Russian bank Otkritie wins US$150m in damages from ex-employees
Employees of Russian lender siphoned off cash to buy villas, Ferraris and diamonds
Russian bank Otkritie Financial Corp has won US$150 million in damages from ex-employees after a London judge said the former staff siphoned off the bank's money to pay for luxury villas, diamonds and Ferraris.
Judge Bernard Eder said the trial, with more than 20 witnesses, was filled with allegations of money laundering, kidnap and murder. Otkritie sued former employees, including George Urumov and Ruslan Pinaev over what the company says was the mispricing of Argentine warrants and bonuses for colleagues.
When Urumov joined the bank in 2011 he said that he would bring four colleagues with him if they each received US$5 million in "golden hellos" while he secretly negotiated lower amounts with them, according to the lawsuit. The warrant fraud was committed by manipulating the US dollar-Argentine Peso exchange rates, the bank says.
"It is, in my judgment, nothing less than a brazen and carefully orchestrated deceit on the part of Mr Urumov on a grand scale," Eder said in his 200-page ruling on Monday.
"Anyone sitting in court listening to the evidence and the parties' respective submissions might have been forgiven for supposing that they were in the Old Bailey," London's Central Criminal Court, "rather than in the Commercial Court".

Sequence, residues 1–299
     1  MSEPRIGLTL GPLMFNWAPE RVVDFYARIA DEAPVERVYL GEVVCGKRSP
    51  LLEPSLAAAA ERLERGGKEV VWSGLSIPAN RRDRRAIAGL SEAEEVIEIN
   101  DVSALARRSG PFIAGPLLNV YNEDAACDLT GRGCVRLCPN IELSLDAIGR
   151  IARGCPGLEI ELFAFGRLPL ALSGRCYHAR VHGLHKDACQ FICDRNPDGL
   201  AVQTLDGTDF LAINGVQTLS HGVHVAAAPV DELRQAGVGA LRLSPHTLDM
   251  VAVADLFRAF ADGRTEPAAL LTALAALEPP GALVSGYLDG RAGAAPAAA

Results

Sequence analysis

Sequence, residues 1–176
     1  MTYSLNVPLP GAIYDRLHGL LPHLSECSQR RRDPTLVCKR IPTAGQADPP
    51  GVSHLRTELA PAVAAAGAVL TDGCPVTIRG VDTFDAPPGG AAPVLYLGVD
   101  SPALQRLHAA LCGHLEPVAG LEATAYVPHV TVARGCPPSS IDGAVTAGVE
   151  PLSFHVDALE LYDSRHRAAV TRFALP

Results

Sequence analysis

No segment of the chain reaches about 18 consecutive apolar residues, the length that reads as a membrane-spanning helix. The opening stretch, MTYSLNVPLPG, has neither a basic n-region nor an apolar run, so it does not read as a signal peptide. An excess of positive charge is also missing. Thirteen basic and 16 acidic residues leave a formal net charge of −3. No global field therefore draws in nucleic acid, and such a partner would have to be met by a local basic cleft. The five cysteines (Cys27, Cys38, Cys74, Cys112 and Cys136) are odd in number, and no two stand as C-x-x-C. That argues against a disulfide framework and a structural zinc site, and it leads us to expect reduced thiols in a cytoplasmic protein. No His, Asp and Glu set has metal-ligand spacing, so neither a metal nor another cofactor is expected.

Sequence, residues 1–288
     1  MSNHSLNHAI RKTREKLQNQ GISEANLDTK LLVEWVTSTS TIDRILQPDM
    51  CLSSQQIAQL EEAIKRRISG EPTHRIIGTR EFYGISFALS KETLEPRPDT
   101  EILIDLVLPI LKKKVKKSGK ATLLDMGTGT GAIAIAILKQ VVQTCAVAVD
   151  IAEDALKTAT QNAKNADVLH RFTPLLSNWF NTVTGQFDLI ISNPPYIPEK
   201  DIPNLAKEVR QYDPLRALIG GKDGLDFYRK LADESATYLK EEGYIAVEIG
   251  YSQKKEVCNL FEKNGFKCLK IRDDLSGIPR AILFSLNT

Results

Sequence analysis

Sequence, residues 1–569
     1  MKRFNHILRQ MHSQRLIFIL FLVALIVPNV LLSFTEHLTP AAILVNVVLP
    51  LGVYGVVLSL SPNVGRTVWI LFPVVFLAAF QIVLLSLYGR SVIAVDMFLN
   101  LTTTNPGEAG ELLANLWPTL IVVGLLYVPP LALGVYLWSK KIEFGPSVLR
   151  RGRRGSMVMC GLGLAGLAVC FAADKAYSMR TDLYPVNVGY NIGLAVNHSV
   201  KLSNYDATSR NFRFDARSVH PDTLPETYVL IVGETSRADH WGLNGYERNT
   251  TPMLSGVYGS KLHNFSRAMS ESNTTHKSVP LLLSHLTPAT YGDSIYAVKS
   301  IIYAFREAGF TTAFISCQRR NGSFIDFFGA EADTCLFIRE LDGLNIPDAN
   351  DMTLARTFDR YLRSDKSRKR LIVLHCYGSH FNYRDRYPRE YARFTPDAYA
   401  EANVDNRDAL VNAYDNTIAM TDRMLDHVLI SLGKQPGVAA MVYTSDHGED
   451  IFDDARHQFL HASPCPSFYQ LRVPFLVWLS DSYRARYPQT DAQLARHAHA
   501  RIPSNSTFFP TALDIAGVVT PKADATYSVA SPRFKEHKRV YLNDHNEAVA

Lawyers representing Urumov and Pinaev didn't respond to a call for comment.
The fraud proceeds were laundered through offshore companies and bank accounts, Eder said.
The employees spent the proceeds of the fraud on luxury villas in Spain and yellow and pink diamonds while Pinaev spent over US$1.3 million on two Ferraris.
"We moved decisively to bring these people to account, to recover our funds and to ensure none of our clients were affected," Alexey Karakhan, a deputy chief executive officer of Otkritie, said in an e-mailed statement. "We will leave no stone unturned to recover the stolen assets from the fraudsters, their accomplices and third parties who gave or are still giving them assistance."
The bank said it has recovered US$52 million to date.